The emergence of Colectivo Mujer Nueva from the 2006 popular movement, and its survival more than a decade later, suggests there is a fifth potential outcome of social movements alongside the four posited by Gamson: full response, pre-emption, co-optation, and collapse (1990, cited in Shrestha & Aranya, 2015, p. 439). Another possibility is that a community-based organization (CBO) emerges as a result of the social learning that occurs as part of the social movement (as described by Friedmann, cited in Shrestha & Aranya, 2015, p. 439), and that this CBO achieves sustained impacts over time. With Colectivo Mujer Nueva, women’s experiences of taking meaningful action that allowed for liberation from social boundaries was empowering and emboldened them to take further action.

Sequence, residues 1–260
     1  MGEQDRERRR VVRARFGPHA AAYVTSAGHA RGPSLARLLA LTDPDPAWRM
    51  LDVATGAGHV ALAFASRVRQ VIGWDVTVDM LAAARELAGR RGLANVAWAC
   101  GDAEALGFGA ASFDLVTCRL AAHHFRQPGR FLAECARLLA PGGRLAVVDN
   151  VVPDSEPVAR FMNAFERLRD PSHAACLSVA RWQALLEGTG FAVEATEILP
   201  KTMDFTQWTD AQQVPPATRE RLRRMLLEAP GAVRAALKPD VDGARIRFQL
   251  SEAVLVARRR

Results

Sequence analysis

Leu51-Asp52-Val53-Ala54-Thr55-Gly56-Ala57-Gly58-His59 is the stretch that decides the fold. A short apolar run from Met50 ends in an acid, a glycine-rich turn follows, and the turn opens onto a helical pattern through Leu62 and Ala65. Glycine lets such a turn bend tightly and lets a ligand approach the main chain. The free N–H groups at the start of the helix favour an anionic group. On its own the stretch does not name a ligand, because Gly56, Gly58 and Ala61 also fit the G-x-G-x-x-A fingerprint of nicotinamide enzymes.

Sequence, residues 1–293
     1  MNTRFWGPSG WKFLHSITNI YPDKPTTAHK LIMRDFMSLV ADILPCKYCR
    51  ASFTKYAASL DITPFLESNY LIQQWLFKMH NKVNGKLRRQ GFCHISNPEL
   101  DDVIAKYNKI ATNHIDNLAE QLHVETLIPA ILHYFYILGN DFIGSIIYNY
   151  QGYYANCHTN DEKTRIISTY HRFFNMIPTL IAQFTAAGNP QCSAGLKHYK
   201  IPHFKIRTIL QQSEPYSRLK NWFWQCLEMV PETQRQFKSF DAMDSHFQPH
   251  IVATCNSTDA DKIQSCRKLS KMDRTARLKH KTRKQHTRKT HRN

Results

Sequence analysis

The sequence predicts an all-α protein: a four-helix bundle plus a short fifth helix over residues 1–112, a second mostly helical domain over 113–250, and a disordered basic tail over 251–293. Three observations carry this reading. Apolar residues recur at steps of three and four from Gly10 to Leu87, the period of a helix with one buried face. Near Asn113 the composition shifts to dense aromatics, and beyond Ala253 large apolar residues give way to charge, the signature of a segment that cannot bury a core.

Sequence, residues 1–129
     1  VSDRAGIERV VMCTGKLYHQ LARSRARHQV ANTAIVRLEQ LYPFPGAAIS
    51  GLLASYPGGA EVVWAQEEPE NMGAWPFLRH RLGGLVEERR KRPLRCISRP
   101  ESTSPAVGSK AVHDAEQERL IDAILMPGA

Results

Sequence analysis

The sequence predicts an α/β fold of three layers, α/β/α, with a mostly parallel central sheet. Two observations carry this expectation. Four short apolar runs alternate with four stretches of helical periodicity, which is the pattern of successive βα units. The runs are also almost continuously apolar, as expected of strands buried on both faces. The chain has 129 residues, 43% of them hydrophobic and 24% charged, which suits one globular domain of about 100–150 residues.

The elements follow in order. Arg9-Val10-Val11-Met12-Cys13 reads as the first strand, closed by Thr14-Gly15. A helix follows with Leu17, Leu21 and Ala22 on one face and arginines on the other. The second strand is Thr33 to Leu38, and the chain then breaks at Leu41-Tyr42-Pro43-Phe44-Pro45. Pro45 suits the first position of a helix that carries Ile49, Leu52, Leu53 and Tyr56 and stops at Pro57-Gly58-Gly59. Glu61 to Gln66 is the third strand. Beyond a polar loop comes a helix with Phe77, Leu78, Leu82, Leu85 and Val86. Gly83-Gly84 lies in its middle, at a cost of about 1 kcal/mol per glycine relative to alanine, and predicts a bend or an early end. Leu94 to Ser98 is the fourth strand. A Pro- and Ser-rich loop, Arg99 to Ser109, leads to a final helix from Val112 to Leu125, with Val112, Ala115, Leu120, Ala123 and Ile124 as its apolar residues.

It is not apparent whether an NGO or any other entity played any role in the development of Colectivo Mujer Nueva. If none did, might its emergence challenge Shrestha and Aranya’s argument for “a need for a strong mediating agent even in the case of insurgent planning practice” (Shrestha & Aranya, 2015, p. 439)? Either way, this case poses questions to critical planners about what role we might be able to play in supporting the emergence and survival of CBOs such as Colectivo Mujer Nueva. Can planners facilitate knowledge-building, healing, and/or empowerment activities that position marginalized social actors to take future, insurgent action through government institutions or NGOs? Perhaps in doing this, planners can act on Ananya Roy’s (2006) call for “doubleness,” where we work within neoliberal state and NGO institutions while also building capacity for insurgent everyday planners to resist such institutions. De Souza might contend that, from the perspective of grassroots organizers, participation in such planner-led efforts would put organizers’ efforts at risk of cooptation by the state, but could also provide organizers access to valuable material and “political-pedagogical” gains (2006, p. 335).